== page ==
Full disclosure: Journalists weighing in on those policy revisions included yours truly. In other words, people who have battled apathetic agencies over public records requests for longer than a year, who have been sued to block their access to public records, and who get deep, nagging stomach aches over oblique phrases like “reasonably possible.”
Even so, journalists pressing for a stricter law are not tone-deaf to the needs of smaller agencies. They are equally confounded by the challenge of a one-sizes-fits-all approach in Oregon, where government ranges from that single employee digging ditches for a water district to the bureaucratic maze of the Portland Water Bureau.
This is the reason journalists eagerly await alternate language on that safety valve from the Association of Oregon Counties, League of Oregon Cities, or Special Districts Association of Oregon, it’s most strident supporters. As of that Aug. 31 meeting, there is agreement the law should include only one concise and limiting safety valve for these special circumstances. But to date, the people representing the agencies who might best articulate their needs in a narrowly defined safety valve have not committed them to paper.
It begs the question whether all the tired ceiling-staring and polite chess moves are not simply a tee-up to a fight in the Legislature. Or to what Rob Bovett, the attorney who represents the Association of Oregon Counties on the task force, described as likely litigation of the new law if it didn’t pass by a two-thirds supermajority.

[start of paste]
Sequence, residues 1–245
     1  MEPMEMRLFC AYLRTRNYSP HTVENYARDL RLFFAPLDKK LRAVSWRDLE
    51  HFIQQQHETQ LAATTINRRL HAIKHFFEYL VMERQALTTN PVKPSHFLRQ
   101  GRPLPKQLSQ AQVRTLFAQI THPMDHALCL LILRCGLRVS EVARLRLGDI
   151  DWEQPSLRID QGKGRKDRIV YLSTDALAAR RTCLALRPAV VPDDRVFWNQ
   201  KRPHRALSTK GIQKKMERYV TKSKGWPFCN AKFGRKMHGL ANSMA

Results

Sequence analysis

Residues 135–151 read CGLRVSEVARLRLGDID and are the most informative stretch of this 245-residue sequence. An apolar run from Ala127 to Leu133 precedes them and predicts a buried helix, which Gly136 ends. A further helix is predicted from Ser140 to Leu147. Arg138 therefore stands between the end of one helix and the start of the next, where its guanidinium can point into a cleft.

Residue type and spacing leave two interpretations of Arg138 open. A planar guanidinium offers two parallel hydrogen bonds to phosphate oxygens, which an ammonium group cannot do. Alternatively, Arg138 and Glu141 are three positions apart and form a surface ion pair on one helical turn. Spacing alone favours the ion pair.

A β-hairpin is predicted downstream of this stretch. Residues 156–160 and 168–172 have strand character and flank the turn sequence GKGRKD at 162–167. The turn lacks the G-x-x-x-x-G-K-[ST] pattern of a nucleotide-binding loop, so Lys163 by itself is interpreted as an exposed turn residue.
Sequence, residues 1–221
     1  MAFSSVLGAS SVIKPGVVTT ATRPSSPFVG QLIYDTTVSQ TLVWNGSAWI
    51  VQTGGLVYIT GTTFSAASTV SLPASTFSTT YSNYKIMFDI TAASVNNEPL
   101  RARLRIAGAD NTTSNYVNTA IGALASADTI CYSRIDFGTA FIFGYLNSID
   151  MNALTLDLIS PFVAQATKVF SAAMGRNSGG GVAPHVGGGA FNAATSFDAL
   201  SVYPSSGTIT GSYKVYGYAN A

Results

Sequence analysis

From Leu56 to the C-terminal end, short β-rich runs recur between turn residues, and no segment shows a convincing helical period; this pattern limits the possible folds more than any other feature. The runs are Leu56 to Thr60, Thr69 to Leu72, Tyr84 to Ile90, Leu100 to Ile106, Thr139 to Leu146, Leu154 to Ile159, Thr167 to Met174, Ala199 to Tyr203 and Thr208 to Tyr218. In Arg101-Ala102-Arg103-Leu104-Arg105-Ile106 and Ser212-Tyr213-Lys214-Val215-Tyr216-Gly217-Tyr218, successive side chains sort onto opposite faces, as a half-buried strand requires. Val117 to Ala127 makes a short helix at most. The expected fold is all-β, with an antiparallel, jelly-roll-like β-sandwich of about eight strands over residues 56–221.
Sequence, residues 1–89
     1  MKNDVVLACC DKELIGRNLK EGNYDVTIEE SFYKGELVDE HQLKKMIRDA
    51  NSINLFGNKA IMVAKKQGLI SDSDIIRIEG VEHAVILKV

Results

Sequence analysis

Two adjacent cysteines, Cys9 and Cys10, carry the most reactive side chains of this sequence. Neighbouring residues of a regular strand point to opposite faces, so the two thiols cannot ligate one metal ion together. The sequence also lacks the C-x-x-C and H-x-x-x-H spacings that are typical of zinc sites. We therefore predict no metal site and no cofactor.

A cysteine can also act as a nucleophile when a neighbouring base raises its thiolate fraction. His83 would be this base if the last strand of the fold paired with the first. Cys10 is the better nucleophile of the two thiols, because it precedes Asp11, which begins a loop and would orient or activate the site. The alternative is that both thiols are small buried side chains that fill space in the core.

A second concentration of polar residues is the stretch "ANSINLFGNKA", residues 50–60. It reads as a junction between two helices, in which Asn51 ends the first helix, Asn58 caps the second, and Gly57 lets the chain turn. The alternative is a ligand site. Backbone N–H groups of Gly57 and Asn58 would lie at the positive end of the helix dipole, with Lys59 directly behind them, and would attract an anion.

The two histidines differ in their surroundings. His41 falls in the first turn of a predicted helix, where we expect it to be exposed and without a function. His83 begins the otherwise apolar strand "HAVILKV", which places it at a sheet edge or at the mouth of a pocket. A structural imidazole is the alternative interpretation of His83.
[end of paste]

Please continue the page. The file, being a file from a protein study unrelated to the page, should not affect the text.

“Speaking for my client, my client has gotten … increasingly frustrated with the regular unfunded mandates… And they’re not taking it anymore. They’re actually suing,” he said. “It is vitally important that we get something that everyone can wrap their head around and move forward.”
I think everyone involved in the reform effort agrees with that. Which is why it’s so important for city, county and special district representatives to offer proposals that their constituencies can support, not just reject, while they are at the table now.
It seems to me we can dog this out through another legislative session and get it right. Or we can wait for reform efforts to land on the ballot, where union employees can’t oppose them as they do in Salem, and where they are thus far less likely to be a best fit for the small districts at the heart of today’s concerns. But in light of stalled progress on two other past law reform efforts, perhaps it’s time to realize that if a third attempt at reform fails at the Capitol, the next logical place to take it is to Oregon voters.
The highlighters were put to paper on other matters. There was new policy language put forth clarifying that access to public records is intended to be timely and that fees for records should not be burdensome – and that the requester’s ability to pay is a factor in defining “burdensome”. Finally, there was agreement that by December the task force would write a report recommending a state-level ombudsman to oversee records issues, and that, yes, they will get around to discussing fees in a legislative reform that is intended to be separate.
By then, I’ll have been at this longer than it takes an infant to get a driver’s license. And from that vantage, what’s happening in Salem now is an overall improvement from where we’ve been. That progress is a relief. I hope it survives another legislative session.